“I lost two brothers that day,” one man said. “As soon as the soldiers arrived, we took off running. I saw two vehicles and five soldiers, dressed in black t-shirts and camouflage pants. It was a manhunt … they were arresting any Peuhl man they saw.”

A woman working in the market said: “From where I hid, I saw a man running, but soldiers blocked the village exits. Two soldiers and another man in civilian clothing, all armed with military rifles, chased him, but the man was able to hide in a house. The soldiers turned their attention on another man, who they dragged out of another house, then beat with wooden sticks as they took him to their vehicles, which were a bit outside the village.”

While the government statement did not speculate on the deaths of the 12 men, family members and witnesses who retrieved the bodies from the morgue in Fada N’gouroma and participated in the burials, said they believed the men had been shot in the head. “It is obvious, clear, and evident that they all had head wounds,” said a man whose brother was among the dead. “Some had crushed skulls.”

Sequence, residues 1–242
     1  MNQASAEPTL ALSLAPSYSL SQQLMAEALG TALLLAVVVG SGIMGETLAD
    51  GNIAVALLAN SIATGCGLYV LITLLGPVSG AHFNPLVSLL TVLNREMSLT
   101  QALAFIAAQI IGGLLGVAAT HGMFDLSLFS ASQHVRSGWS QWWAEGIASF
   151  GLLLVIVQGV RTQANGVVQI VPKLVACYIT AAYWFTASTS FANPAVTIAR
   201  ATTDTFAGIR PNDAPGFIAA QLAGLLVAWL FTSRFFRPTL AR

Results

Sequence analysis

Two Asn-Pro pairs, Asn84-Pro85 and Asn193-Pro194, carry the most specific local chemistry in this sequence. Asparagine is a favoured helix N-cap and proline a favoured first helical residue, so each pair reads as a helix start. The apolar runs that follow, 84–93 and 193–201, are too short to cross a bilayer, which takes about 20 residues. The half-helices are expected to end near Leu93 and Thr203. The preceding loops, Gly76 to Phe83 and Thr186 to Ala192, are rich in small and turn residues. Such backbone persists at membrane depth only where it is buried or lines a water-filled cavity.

Photographs and a video seen by Human Rights Watch showed the 12 bodies being taken to a cemetery in Fada N’Gourma in a vehicle, then laid on the ground in a line. The bodies were tightly wrapped in white plastic, taped around the victims’ legs, chests, necks, and heads. Significant blood was visible through the plastic, including around the victims’ heads.

Family members said they believed the men had been executed in the custody of the gendarmes based in Tanwalbougou. One said: “The prosecutor said they died overnight in the cell, and yet they’d bled profusely, like they’d been shot in the head. How can that be?” 

Most said they were only able to recognize their loved ones by their clothing. “We identified my brother by his boubou [wide-sleeved robe],” one said. 

“We saw our brothers, fathers, and sons leaving home that morning,” said another. “By the look of their bodies, they suffered something terrible.” 

The dead were buried in Fada N’Gourma on May 13 after being released to family members.